The national emergency commission is taking action to help the north and central Pacific coast where there is drought and where the lack of rain is expected to increase.
The agency, the Comisión Nacional de Prevención de Riesgos y Atención de Emergencias, said it was declaring a yellow alert for the two areas in order to be more efficient in moving around materials and funds.
The agency expects to be providing food for animals, setting up storage of drinking water and preparing to distribute other necessities like salt for animals.
The agency said Tuesday that the Ministerio de Agricultura y Ganadería estimated loss to the cattle industry at 7 billion colons or about $13.2 million. There has been a loss of about half that amount in other livestock, according to the agricultural ministry.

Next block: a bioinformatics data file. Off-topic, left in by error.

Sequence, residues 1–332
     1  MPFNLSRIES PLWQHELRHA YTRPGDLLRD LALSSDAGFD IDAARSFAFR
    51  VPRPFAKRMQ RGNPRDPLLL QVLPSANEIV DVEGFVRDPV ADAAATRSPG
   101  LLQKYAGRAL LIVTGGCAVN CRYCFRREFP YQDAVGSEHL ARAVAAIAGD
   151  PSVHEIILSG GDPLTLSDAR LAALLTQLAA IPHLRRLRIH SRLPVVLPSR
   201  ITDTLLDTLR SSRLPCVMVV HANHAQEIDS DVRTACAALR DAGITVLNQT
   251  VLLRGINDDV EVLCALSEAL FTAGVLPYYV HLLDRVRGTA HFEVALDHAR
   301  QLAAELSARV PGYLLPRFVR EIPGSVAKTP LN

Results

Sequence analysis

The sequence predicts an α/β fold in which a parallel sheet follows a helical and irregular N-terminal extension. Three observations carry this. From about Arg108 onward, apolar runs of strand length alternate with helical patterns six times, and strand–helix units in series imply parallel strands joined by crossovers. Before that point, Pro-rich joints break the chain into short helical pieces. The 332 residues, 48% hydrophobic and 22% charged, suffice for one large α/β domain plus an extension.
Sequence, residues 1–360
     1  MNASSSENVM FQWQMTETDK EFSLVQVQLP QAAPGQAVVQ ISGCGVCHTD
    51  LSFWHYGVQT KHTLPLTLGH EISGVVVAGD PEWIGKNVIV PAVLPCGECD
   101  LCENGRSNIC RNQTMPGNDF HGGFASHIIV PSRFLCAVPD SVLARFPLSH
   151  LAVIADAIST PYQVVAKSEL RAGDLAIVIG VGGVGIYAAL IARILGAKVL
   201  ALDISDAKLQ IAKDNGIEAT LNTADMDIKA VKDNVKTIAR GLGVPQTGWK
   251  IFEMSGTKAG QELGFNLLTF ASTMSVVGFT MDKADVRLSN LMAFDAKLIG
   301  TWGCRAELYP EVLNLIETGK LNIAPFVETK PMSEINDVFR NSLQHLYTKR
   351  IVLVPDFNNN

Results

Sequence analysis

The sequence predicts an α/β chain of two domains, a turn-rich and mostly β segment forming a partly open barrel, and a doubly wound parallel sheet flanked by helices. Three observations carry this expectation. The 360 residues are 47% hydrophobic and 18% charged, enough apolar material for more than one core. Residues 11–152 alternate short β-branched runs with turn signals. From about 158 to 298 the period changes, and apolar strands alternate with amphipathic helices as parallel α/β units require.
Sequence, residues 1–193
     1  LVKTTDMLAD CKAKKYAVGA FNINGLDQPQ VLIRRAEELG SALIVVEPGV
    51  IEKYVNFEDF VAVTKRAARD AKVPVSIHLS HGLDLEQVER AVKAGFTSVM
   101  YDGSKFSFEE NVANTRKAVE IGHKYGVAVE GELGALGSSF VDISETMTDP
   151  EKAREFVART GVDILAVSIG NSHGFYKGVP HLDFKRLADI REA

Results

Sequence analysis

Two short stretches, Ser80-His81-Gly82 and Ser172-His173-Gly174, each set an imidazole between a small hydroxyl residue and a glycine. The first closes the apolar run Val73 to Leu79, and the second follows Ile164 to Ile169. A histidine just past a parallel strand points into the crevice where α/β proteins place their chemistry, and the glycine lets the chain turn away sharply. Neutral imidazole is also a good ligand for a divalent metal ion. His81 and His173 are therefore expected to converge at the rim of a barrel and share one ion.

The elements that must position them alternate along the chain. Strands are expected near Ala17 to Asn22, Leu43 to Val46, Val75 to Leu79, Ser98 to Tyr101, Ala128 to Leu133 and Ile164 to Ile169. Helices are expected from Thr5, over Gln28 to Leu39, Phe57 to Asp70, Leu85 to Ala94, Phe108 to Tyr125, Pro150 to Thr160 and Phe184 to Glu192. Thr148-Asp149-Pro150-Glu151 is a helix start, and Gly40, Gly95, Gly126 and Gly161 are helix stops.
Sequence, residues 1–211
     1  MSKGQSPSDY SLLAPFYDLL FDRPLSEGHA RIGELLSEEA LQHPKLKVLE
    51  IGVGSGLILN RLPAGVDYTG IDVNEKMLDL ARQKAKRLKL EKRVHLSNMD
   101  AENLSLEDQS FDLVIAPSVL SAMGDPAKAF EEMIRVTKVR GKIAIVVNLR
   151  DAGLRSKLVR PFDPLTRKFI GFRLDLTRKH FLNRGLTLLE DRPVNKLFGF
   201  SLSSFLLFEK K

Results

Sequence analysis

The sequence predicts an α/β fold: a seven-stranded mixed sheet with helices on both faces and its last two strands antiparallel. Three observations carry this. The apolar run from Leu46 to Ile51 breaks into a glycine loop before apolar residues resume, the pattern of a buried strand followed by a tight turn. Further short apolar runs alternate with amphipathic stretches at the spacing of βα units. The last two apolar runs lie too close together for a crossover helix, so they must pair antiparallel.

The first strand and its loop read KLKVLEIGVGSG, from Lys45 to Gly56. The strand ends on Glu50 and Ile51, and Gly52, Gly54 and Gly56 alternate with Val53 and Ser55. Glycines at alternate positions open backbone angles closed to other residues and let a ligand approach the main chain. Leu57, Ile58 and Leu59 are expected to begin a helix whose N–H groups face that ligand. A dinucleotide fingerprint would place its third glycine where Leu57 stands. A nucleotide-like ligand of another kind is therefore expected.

The cause of the drought, of course, is El Niño in the western Pacific. The Instituto Meteorológico Nacional now says that rainfall in the northern Pacific will be reduced about 65 percent in the short term. The central Pacific faces a shortage of 30 percent, said the institute.
The situation is expected to get worse with El Niño consolidating toward the end of the year. The condition is expected to last through the first three months of 2015.
The agricultural ministry officials said the agency is prepared to provide forage for ranches that have burned out pastures and perhaps go so far as to drill wells in some cases.
Many ranchers in Guanacaste already have moved the cattle to more productive surroundings.
A concern for the emergency commission and the Instituto Nacional de Acueductos y Alcantarillados is the availability of drinking water for humans. The supply is down.